Elizabeth's Reviews > The Franchise Affair

The Franchise Affair by Josephine Tey
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's review
Aug 11, 2009

it was amazing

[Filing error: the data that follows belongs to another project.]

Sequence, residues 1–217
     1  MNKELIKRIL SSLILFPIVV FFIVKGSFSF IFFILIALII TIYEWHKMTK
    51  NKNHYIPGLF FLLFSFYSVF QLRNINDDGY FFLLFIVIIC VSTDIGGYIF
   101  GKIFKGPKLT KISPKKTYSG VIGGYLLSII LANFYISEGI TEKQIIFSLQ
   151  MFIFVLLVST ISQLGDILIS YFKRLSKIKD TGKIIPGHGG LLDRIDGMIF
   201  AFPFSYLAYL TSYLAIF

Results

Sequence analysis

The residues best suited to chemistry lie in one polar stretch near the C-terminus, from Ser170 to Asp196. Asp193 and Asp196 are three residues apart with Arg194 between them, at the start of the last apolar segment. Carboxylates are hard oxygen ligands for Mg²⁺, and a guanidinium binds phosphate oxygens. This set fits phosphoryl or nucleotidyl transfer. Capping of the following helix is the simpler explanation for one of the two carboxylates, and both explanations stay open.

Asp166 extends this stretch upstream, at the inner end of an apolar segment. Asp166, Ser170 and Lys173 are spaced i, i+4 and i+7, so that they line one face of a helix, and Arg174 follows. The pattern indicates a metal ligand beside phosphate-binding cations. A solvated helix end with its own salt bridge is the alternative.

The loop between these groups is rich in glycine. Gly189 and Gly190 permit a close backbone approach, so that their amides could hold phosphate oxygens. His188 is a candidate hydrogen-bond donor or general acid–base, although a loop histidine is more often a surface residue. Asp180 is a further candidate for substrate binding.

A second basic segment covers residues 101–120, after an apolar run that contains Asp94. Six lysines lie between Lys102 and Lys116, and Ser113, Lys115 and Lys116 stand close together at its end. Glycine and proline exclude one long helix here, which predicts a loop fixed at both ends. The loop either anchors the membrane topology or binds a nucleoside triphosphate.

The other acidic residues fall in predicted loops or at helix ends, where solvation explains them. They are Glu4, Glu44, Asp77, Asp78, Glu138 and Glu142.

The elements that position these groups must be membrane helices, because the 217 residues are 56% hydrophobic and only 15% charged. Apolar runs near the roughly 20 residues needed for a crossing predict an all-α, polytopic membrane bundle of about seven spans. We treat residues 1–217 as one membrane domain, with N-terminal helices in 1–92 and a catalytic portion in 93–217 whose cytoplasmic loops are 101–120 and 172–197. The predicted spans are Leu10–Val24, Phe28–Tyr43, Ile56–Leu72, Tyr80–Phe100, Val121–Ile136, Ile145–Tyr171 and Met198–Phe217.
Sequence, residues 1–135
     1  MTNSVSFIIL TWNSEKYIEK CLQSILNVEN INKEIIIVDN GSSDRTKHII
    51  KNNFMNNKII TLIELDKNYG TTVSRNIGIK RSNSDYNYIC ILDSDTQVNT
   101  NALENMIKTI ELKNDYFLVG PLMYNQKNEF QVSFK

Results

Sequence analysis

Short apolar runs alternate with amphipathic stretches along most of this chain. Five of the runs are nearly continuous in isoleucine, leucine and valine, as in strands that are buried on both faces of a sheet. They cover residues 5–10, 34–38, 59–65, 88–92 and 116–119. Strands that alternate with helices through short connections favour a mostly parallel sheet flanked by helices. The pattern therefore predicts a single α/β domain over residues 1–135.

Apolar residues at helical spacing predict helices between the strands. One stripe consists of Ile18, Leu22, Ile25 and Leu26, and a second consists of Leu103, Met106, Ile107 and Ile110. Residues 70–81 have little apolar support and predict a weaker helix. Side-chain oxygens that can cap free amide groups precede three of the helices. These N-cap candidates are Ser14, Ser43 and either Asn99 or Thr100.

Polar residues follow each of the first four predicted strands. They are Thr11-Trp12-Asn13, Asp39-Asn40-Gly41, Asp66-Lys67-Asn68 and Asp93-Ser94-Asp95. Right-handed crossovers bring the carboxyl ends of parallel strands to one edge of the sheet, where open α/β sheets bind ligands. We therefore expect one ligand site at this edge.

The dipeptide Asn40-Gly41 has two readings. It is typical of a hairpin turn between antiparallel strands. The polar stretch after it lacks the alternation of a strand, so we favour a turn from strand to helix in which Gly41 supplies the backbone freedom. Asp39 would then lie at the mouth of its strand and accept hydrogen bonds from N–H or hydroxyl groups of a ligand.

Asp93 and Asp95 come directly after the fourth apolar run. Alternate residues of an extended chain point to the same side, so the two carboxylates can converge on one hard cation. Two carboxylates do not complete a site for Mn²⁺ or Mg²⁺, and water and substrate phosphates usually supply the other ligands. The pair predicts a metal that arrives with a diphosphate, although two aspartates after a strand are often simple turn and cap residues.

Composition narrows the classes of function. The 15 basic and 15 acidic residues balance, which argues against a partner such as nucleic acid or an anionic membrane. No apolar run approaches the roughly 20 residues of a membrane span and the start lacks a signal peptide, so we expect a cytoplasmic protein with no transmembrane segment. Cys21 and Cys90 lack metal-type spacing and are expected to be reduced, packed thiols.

Josephine Tey here explores how to prove a negative. Two English women (genteel enough to be educated and living on an inheritance but not wealthy by the standards of their class) are accused of kidnapping and beating an innocent-looking adolescent girl because they cannot otherwise get a maid for their remote house. In the process Tey gives a sympathetic but not uncritical view of smug English village life. She is occasionally heavyhanded with a couple of her pet peeves--the inane defense of the indefensible by the self-righteous left and the importance of coming from the right genetic inheritance. To read her here (and also in The Daughter of Time) one would think that no labor organizer or political dissident (except Dreyfus, to whom the falsely accused women are compared) ever had a true cause for grievance and that police are never in the wrong--or at the very least the leftist press has never found a true case of any of this happening. Apart from these intrusive interludes the book is elegantly written (as are all of Tey's works) and evocative of people and places.
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